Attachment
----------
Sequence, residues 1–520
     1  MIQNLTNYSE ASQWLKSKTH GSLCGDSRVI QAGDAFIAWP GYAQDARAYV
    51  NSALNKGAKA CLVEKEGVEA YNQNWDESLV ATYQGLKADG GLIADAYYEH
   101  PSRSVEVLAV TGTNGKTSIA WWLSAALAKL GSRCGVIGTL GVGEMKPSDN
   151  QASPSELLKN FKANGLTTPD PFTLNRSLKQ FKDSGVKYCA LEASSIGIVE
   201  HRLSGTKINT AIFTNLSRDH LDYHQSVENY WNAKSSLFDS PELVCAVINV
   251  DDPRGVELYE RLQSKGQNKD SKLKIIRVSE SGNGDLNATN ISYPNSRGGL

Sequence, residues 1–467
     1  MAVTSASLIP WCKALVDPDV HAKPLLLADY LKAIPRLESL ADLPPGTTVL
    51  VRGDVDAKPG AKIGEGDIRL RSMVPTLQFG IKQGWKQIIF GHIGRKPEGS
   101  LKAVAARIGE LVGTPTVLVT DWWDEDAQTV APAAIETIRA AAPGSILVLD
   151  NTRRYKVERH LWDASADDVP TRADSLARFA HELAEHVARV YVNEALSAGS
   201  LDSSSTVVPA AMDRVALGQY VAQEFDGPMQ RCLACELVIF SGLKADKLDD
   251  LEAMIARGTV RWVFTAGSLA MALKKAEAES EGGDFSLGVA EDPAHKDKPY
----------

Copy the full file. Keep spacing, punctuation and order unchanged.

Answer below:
Sequence, residues 1–520
     1  MIQNLTNYSE ASQWLKSKTH GSLCGDSRVI QAGDAFIAWP GYAQDARAYV
    51  NSALNKGAKA CLVEKEGVEA YNQNWDESLV ATYQGLKADG GLIADAYYEH
   101  PSRSVEVLAV TGTNGKTSIA WWLSAALAKL GSRCGVIGTL GVGEMKPSDN
   151  QASPSELLKN FKANGLTTPD PFTLNRSLKQ FKDSGVKYCA LEASSIGIVE
   201  HRLSGTKINT AIFTNLSRDH LDYHQSVENY WNAKSSLFDS PELVCAVINV
   251  DDPRGVELYE RLQSKGQNKD SKLKIIRVSE SGNGDLNATN ISYPNSRGGL

Sequence, residues 1–467
     1  MAVTSASLIP WCKALVDPDV HAKPLLLADY LKAIPRLESL ADLPPGTTVL
    51  VRGDVDAKPG AKIGEGDIRL RSMVPTLQFG IKQGWKQIIF GHIGRKPEGS
   101  LKAVAARIGE LVGTPTVLVT DWWDEDAQTV APAAIETIRA AAPGSILVLD
   151  NTRRYKVERH LWDASADDVP TRADSLARFA HELAEHVARV YVNEALSAGS
   201  LDSSSTVVPA AMDRVALGQY VAQEFDGPMQ RCLACELVIF SGLKADKLDD
   251  LEAMIARGTV RWVFTAGSLA MALKKAEAES EGGDFSLGVA EDPAHKDKPY